Reviewed by Phillip Waite, Ph.D.
I just finished reading an amazing book, The Message by Lance Richardson, about one man's near death experience and the lessons he learned from it. I know what you're saying, "You need find lighter reading Peter!" Maybe so. After all, I've been known to read a lot of long, very dry non-fiction books. But this book is different, I promise! It's a short and easy read. But what makes it really stand out is the message it shares of love, hope, and the realization that we are all connected.
The story is about Lance Richardson who struggled most of his adult life with Crohn's Disease. He describes the demands that his chronic illness placed on his young family, a lot of which I can easily relate to. Already in frail health, on Christmas Day in 1998, Lance was involved in a motorcycle accident which later left him in a coma for several weeks. While his body was being kept alive by life support equipment, he describes his experience about life after death and his spirit passing into the world beyond. The author is a Christian and writes from a faith-based perspective but the message it shares is not necessarily religious.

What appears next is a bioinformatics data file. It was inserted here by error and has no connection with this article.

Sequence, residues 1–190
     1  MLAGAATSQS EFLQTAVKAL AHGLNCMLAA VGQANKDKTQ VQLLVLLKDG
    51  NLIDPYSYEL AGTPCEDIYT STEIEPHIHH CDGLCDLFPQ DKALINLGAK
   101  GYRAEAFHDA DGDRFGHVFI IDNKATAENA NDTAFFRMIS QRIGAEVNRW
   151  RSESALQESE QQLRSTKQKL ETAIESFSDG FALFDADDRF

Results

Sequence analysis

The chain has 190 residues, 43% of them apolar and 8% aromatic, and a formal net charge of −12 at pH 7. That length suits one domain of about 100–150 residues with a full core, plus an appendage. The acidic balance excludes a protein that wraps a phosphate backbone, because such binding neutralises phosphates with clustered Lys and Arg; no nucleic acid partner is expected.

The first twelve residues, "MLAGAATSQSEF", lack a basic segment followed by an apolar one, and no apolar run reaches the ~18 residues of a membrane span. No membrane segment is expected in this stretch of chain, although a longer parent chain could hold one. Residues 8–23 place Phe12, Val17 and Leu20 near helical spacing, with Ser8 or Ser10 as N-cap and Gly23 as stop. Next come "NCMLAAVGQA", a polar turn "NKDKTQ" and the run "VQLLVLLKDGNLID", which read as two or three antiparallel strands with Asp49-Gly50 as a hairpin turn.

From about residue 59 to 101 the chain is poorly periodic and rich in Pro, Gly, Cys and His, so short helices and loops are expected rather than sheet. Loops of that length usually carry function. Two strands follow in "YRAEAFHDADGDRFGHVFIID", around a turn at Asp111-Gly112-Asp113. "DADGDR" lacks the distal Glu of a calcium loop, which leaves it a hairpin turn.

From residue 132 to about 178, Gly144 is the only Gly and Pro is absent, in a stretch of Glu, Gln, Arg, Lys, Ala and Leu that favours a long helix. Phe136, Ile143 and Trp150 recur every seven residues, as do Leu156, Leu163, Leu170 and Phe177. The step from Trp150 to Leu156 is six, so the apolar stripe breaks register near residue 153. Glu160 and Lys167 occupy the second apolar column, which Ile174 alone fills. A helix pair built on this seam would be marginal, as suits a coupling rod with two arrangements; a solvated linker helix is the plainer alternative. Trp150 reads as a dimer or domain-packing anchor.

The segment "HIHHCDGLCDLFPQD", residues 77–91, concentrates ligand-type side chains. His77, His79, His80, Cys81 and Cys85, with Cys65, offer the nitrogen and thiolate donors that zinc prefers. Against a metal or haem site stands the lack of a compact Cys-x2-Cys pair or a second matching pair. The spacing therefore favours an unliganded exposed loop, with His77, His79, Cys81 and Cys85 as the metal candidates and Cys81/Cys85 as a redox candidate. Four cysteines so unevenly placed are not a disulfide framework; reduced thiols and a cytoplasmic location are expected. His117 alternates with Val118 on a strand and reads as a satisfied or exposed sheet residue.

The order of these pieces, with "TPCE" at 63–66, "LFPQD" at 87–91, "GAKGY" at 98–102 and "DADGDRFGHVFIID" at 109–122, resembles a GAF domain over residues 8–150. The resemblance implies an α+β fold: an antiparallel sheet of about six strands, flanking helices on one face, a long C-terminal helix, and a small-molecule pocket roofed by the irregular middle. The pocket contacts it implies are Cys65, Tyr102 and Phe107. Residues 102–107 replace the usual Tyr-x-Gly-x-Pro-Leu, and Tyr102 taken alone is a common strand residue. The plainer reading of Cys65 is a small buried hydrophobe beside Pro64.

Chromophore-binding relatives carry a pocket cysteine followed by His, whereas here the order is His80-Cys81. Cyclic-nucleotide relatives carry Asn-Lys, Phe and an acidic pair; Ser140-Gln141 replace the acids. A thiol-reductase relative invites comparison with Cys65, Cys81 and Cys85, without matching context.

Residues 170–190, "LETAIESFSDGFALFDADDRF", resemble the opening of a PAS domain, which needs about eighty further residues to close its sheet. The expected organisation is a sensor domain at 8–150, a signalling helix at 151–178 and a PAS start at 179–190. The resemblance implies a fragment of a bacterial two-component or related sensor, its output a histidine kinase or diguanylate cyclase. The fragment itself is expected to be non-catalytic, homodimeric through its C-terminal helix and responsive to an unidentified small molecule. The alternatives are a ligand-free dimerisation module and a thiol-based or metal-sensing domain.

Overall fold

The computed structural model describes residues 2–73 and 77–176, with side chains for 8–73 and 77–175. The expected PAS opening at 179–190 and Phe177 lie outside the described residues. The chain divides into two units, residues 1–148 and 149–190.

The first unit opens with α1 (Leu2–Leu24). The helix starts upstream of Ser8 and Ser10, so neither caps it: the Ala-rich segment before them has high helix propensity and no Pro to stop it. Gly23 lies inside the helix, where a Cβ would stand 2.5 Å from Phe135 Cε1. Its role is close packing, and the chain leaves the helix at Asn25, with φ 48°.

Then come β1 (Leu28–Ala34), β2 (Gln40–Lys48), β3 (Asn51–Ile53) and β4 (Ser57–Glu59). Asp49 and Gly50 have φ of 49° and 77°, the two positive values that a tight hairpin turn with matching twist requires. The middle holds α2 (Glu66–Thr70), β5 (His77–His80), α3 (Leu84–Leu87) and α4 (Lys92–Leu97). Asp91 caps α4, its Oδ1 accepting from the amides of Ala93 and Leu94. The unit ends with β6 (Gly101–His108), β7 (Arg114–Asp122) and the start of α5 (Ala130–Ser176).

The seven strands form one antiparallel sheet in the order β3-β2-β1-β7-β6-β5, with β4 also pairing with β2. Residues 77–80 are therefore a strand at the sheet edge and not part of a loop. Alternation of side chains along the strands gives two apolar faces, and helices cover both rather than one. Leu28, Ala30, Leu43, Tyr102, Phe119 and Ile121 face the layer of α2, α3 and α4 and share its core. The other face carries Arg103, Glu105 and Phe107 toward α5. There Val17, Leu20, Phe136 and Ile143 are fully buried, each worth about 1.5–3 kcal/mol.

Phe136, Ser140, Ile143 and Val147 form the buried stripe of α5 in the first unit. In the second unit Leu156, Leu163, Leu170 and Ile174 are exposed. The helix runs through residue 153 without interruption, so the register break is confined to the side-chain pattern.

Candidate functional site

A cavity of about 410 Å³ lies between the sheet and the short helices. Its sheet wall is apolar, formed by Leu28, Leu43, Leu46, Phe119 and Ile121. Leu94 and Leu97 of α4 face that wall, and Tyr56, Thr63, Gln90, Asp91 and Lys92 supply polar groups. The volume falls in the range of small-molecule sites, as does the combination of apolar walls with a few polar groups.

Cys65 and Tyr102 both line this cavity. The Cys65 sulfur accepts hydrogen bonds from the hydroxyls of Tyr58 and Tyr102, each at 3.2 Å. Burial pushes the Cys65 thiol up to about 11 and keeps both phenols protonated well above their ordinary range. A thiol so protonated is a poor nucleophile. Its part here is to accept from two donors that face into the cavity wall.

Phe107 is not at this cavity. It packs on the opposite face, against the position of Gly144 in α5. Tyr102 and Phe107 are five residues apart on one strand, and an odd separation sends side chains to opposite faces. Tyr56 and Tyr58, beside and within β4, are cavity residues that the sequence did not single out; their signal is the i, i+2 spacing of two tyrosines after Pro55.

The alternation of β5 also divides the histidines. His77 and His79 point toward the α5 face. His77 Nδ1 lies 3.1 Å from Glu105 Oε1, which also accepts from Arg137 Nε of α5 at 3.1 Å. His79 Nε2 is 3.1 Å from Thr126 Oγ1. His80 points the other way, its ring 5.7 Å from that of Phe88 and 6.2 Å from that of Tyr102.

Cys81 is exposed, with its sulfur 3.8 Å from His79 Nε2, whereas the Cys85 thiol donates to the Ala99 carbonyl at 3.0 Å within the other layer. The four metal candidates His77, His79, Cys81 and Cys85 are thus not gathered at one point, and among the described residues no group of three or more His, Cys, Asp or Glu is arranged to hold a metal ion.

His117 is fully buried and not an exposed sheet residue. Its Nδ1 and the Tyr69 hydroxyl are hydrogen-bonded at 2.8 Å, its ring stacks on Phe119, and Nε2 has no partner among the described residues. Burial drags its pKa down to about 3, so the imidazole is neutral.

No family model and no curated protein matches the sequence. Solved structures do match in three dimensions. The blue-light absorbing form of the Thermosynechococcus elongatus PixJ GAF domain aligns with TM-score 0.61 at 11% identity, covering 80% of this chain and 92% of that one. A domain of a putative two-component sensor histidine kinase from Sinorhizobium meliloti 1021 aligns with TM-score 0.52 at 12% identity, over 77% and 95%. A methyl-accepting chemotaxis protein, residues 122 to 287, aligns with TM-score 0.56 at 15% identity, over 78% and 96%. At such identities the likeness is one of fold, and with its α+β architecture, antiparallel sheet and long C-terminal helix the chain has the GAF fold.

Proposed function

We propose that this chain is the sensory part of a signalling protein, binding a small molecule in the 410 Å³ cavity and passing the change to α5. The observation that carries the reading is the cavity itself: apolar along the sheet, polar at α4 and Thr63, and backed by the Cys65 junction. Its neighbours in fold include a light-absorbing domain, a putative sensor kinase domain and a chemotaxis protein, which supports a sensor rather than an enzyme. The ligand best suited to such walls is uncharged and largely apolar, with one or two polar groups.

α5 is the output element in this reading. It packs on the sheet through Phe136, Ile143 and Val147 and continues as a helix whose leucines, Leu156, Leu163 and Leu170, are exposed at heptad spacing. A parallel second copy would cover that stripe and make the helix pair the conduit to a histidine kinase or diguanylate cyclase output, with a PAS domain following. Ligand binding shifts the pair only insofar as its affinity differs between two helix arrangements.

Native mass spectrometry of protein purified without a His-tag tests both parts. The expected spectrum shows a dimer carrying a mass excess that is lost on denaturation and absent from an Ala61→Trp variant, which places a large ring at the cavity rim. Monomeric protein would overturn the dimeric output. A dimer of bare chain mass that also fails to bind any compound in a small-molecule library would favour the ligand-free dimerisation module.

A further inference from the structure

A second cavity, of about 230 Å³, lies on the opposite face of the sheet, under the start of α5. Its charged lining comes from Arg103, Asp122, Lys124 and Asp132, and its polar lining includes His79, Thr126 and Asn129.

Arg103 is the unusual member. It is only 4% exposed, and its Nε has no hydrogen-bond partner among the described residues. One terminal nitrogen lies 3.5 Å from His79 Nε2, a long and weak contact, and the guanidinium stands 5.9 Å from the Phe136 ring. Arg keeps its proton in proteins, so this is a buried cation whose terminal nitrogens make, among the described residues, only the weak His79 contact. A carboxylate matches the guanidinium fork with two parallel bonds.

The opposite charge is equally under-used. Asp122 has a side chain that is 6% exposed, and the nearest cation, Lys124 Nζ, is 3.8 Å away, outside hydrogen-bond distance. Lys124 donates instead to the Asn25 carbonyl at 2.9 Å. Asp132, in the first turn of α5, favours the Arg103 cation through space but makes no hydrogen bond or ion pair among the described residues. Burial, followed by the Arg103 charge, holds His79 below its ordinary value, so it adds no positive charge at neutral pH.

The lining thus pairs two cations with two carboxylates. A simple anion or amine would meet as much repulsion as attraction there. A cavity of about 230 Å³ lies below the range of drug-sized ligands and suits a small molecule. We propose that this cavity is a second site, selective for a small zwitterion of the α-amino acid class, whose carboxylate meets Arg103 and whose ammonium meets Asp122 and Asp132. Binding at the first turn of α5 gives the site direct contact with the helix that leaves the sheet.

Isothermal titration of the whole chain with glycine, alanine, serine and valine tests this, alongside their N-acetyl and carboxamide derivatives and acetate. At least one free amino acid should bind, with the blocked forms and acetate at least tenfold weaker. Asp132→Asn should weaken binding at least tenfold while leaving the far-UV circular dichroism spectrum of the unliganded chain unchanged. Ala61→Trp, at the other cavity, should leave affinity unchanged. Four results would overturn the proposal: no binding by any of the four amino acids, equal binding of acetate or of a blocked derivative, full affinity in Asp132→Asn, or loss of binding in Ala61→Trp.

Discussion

The message Lance brought back is a message of love, service, and the lasting bonds of human relationships. In short, life has little meaning without the relationships we make here and now. The way build and sustain relationships is through love and service. Here's my favorite quote from the book:
Service is the action form of loving one another. When you truly love someone, you seek to serve them. Your concerns are for their happiness and welfare.
This really struck a chord with me. I've long believed that service is what life is really all about. I've learned from personal experience that selflessness and service does two things to you. It lightens your own burdens simply by looking beyond your own troubles and focusing on the needs of others. Suddenly challenges you face don't feel so overwhelming and daunting. And it strengthens your relationships in a lasting and more meaningful way.
Every day I am inspired by the selfless service of people like you who offer support to others struggling with chronic illness or other personal challenges. The HealingWell forums are filled with so many awesome people! Yes, that kind of service is virtual, but that doesn't make it any less meaningful to the person being served. It is important that we reach out to our "real" neighbors, friends, family, and even strangers too.
We are all connected.